Gather round the table for a relaxed and cozy dinner party
Family-style meals create an instant mood of intimacy. This menu brings comfort, elegance, and ease to the table. First up, we have a stunning roasted salmon. We couldn’t get over how delicious and silky-rich this salmon is, or how foolproof the recipe is.
Don’t be thrown off by the total time it requires: Think of it instead as a great make-ahead dish, where all you have to do the night of the gathering is pop the fish in the oven for a short time. What you’re doing in step 1 is making homemade crème fraîche. It’s easy to do; it just takes some time. We love the creamy texture and luscious tang of homemade, but you can substitute purchased crème fraîche or full-fat sour cream. Look for a 3-pound side of salmon with even thickness. Avoid the thin tail end and buy two thicker (1½-pound) pieces if you need to. The dill sauce will keep in the fridge for up to one week.
This salad is simply chock-full of all kinds of good stuff–sweet, tender beets; the crisp snap of zucchini; fennel’s anise crunch; and chewy-tender farro. You can make it up to two days ahead; just leave out the watercress until shortly before serving.
To get a head start, prepare the recipe through step 2 up to two days in advance. Shortly before serving, place asparagus on pan with roasted asparagus, and proceed with step 3.
Here’s a dish of straightforward comfort, a crave-worthy combo of softened onions and leeks in a creamy sauce. Make the dish through step 2 up to a day ahead, and then reheat the next day in the baking dish.
Chef Khalil Hymore introduced us to the idea of a crunchy quinoa crust with a savory tart he developed for us; we take the notion to a sweet place here. The tart holds well overnight, so make it the day before, and serve chilled right from the refrigerator.
Up to 5 Days Ahead
• Make sauce for salmon
Up to 2 Days Ahead
• Make salad (add watercress just before serving)
• Roast artichokes
Up to 1 Day Ahead
• Make casserole, minus panko topping
• Make strawberry tart
• Spread topping on salmon
An Hour Ahead
• Bake casserole with panko topping
20 Minutes Before Serving
• Roast asparagus with preroasted artichokes on bottom oven rack
• Roast salmon on top oven rack
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Luckily, these recipes pair beautifully with both white and red varietals, so there will be something to please all guests. To bring together all the menu’s springy “green” flavors, try a grassy, citrusy sauvignon blanc. For a red wine, try a Beaujolais. Light in body, it won’t clash with the menu’s vegetables while embracing the sweeter flavors of salmon and onions. —Jordan Mackay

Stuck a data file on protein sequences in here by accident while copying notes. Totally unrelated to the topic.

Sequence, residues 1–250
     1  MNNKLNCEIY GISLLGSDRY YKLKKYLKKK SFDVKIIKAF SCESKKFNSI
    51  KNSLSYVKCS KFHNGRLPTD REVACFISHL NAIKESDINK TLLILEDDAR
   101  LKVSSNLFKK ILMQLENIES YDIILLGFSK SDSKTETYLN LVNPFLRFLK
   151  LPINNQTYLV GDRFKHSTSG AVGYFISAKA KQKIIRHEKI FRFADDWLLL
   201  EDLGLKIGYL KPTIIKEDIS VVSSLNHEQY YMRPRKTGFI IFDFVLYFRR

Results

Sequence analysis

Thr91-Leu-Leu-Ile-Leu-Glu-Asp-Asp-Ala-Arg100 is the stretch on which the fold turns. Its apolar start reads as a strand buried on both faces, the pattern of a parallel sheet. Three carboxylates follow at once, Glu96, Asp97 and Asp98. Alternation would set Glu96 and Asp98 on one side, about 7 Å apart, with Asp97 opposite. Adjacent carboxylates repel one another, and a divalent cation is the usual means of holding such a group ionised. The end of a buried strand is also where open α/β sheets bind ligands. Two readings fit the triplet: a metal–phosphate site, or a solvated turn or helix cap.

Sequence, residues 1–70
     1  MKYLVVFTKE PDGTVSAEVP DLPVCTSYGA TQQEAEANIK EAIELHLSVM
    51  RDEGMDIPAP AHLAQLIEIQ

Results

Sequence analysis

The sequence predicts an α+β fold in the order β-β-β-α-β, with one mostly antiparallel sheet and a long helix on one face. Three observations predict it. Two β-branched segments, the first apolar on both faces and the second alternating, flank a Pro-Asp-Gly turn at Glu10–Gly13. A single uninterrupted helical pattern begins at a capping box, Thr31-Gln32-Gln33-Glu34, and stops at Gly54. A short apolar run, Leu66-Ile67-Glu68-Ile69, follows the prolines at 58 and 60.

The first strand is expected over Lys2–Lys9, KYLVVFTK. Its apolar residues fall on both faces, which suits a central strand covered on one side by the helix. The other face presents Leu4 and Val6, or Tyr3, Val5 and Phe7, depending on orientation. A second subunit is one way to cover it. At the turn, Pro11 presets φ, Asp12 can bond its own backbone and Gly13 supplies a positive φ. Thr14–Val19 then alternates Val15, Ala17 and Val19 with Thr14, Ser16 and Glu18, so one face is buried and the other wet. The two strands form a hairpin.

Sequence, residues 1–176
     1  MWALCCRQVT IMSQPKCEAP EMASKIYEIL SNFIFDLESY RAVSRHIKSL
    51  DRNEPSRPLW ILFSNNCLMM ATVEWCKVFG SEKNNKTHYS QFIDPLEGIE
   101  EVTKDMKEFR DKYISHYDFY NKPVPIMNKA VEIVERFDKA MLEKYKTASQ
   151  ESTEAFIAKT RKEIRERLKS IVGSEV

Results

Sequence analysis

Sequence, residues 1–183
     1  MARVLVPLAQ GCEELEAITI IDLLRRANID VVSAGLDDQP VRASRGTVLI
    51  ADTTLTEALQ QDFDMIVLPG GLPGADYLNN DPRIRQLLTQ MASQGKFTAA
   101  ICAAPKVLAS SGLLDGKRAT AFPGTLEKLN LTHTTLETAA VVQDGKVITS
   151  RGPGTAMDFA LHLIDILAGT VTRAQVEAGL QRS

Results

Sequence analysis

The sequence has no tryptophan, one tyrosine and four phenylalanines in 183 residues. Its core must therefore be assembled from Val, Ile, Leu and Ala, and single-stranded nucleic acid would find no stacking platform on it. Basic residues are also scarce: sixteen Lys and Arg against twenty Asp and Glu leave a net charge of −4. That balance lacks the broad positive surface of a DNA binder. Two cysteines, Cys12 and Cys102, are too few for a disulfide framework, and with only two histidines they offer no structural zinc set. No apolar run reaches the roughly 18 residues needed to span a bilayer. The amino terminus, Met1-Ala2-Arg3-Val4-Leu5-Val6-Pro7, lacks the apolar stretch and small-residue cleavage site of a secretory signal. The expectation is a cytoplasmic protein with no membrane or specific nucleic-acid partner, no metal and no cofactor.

With a few simple swaps, you can make this menu work for a casual Passover gathering with friends.
Salad: Omit farro; either replace the farro with quinoa, or double the watercress for a straight-vegetable salad.
Salmon: Omit the sauce; the fish is so flavor-packed, it can stand alone.
Casserole: Replace butter with oil. Sub vegetable stock for milk, and use 3 tablespoons potato starch in place of flour. Use matzo meal in place of panko.
Artichokes: Replace butter with flavorful extra-virgin olive oil.
Dessert: Sub in Sponge Cake with Orange Curd and Strawberries.
Three party tips from our Executive Food Editor Ann Taylor Pittman:
1. Share the Menu: Guests appreciate knowing what delights are coming their way. At my house, I scribble the menu in chalk on my pantry doors, which are painted with chalkboard paint. At your house, you can simply print a few copies of the menu on card stock and scatter them around the table.
Nothing makes guests feel more cared for than little touches specifically catered to them. Make a playlist featuring their favorite artists or songs; set out little party flavors like these Berry Lemonade Bars labeled with each guest’s name; or simply decorate by arranging one bloom of a different type of flower at each place setting.
This menu is designed to serve 8 people. If you end up with 10, though, don’t assume that these amounts will work for that many people. Nothing kills the joy of a party faster than running out of food (or drink, for that matter).
But be careful when scaling up; it’s often tricky to do by small amounts. For example, if serving 10 people, I advise making one and a half times each recipe in this menu. (Just multiply each ingredient amount by 1.5.) you may have leftovers, but you’d rather have that than the alternative.
One exception: Don’t attempt to make half a tart. Either cut smaller wedges to get 10 slightly smaller servings, or make a second tart. (You can enjoy a slice as a breakfast treat the next day.)
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